Dr. Andy’s Recommendations on Vaccine Protocols for Puppies and Kittens
There is much debate on when and how often puppies and kittens should be vaccinated. Taking into consideration the advice of experts in this area of veterinary medicine, I have devised a program that is focused on keeping your puppies and kittens healthy.
If the mother of a puppy or kitten has been well vaccinated, she will pass on this protection to her offspring. Studies have shown that this protection will generally last for up to eight weeks of age, so vaccinations given before the maternal protection wears off are unnecessary. I like to begin my protocol at eight weeks with the first temporary combination vaccine. I booster the combination vaccine when the puppy or kitten is twelve weeks of age. Then at sixteen weeks I give all of the adult vaccines.
There are several disease entities that puppies and kittens, as well as adult pets need to be protected from. The best known and most feared is rabies, which can affect any warm blooded animal including humans. Rabies is a virus that attacks the brain and is always fatal. Rabies vaccinations are required by law for both dogs and cats, and must be given in order to receive a county license. I carry both the one year and three year rabies vaccine, but in order for the three year vaccine to be legal it must be given initially two years consecutively. The rabies vaccine is included in the annual adult vaccines and is not given until the puppy or kitten is at least sixteen weeks old.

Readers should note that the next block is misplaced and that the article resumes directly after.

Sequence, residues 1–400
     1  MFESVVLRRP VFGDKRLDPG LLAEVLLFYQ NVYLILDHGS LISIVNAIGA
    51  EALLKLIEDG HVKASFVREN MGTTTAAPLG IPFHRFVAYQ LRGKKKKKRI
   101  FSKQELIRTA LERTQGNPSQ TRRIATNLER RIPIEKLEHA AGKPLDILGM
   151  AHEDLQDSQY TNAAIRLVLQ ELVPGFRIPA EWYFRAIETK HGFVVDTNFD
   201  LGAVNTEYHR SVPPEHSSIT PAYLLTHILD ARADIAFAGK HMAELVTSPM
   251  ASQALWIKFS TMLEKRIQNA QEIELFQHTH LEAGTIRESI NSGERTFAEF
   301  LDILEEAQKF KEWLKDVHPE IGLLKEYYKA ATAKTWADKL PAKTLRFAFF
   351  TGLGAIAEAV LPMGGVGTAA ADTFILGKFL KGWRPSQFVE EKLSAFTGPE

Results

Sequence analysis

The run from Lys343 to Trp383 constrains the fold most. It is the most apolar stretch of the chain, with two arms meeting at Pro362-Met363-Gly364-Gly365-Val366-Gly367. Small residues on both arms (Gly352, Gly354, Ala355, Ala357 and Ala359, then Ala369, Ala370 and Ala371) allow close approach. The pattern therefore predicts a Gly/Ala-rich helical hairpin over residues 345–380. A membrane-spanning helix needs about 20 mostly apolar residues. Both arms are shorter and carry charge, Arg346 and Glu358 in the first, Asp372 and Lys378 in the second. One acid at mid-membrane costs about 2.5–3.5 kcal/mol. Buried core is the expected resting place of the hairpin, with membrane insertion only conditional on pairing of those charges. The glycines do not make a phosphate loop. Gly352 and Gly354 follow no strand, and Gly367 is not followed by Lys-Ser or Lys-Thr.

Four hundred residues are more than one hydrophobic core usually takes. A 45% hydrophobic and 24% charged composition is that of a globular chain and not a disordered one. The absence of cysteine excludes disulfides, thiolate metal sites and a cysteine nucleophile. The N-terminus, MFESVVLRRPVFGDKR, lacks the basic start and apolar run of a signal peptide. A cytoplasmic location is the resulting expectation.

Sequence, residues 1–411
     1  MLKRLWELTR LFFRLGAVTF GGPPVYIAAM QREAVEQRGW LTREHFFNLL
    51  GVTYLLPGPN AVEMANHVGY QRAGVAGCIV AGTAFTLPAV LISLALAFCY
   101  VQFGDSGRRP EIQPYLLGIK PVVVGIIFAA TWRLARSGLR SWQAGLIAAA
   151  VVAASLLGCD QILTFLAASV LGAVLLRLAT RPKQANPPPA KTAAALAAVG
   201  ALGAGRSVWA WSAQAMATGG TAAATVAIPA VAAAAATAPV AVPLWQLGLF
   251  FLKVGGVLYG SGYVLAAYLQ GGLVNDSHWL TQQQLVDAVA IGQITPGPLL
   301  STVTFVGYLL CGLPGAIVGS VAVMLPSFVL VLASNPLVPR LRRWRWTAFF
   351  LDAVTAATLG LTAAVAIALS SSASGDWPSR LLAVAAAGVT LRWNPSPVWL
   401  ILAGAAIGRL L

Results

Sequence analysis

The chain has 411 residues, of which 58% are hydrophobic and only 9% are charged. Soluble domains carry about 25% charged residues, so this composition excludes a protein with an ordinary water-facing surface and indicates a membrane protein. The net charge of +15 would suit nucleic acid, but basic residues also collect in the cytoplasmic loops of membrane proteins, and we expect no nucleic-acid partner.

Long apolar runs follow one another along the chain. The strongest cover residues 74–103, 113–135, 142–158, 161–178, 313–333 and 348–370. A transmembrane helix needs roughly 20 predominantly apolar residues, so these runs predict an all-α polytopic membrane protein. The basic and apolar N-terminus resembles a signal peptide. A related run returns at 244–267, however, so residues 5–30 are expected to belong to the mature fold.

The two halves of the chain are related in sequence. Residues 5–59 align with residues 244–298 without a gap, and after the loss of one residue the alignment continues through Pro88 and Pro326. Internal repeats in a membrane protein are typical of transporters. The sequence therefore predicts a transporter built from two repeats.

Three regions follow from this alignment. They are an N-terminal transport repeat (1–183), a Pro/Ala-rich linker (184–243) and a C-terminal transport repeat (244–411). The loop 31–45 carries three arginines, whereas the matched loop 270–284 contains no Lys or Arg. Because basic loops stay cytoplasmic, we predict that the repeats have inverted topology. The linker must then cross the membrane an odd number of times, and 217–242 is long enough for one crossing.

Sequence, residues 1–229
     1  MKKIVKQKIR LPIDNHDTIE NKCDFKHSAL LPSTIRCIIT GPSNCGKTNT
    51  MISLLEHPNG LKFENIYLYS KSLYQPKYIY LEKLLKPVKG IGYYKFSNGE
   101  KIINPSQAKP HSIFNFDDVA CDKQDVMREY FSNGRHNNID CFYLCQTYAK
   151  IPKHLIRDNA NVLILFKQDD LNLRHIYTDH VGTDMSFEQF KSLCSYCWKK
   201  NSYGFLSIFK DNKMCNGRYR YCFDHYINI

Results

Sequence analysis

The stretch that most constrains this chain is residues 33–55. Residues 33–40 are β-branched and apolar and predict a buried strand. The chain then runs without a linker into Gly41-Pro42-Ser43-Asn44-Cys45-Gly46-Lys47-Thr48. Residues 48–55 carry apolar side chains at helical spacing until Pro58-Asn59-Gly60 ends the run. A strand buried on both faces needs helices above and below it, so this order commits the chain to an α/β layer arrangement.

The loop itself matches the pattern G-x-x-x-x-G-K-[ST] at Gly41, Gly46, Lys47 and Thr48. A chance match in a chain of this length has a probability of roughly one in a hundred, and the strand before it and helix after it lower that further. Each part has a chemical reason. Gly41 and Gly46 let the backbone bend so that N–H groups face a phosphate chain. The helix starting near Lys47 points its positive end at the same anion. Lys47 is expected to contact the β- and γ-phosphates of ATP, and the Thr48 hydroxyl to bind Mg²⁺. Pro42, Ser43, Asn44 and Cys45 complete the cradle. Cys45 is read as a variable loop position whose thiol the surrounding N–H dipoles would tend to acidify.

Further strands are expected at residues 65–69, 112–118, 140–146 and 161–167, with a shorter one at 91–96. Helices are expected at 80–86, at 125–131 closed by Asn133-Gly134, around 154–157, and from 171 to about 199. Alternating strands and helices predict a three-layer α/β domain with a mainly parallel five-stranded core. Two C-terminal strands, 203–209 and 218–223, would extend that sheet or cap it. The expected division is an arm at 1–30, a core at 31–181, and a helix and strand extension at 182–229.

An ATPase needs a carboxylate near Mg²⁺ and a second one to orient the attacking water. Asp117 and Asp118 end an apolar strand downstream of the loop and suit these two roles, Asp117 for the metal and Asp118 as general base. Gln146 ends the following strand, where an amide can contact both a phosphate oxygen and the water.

The combination vaccine for dogs is often referred to as a 7-way or 5-way vaccine, because it protects against distemper, adenovirus, parainfluenza, parvovirus, and leptospirosis. One of the most life threatening is distemper, which is a very contagious virus. Distemper affects the respiratory and nervous system and is often fatal. Adenovirus comes in two forms. Type 1 infections cause infectious hepatitis, which is severe inflammation of the liver. Type 2 is a contributing factor to kennel cough. Vaccine for Type 1 is very reactive and not tolerated well, but luckily the vaccine for Type 2 is less reactive and cross vaccinates for both types of Adenovirus. Parainfluenza is another viral respiratory disease that is often partly responsible for kennel cough. Parvovirus is a very contagious virus that attacks the gastrointestinal system. It causes severe vomiting and diarrhea and can quickly debilitate a young dog. Parvovirus is treatable but it is very expensive and even with treatment puppies often do not survive. Unlike some viruses, parvovirus is very hardy and can survive in some environments for several years. The last disease covered in the combination vaccine is Leptospirosis, which is a bacterium that is carried by many wild animals. Leptospirosis infections are very serious and can be transmitted to humans. This disease causes kidney and liver failure and a high fever. There are numerous strains of Leptospirosis that are very regional. The vaccines I use protect against the four most commons strains found in the United States. Leptospirosis is not included in the first temporary vaccine given to eight week old puppies, due to the fact that it can cause adverse reactions and generally young puppies should have limited exposure to the disease. The combination vaccine for cats protects from four life threatening diseases, Rhinotracheitis, Calicivirus, Panleukopenia, and Chlamydia Psittaci (Pneumonitis). Rhinotracheitis and Chlamydia Psittaci are both respiratory infections that will cause a profuse discharge from the eyes and nose. Calicivirus infections are very serious and can cause a variety of symptoms. The most common symptoms are fever, excess salivation and mouth or tongue ulcers. Panleukopenia is a virus that is related to parvovirus in dogs. It causes severe vomiting and diarrhea that leads to dehydration and can often be fatal.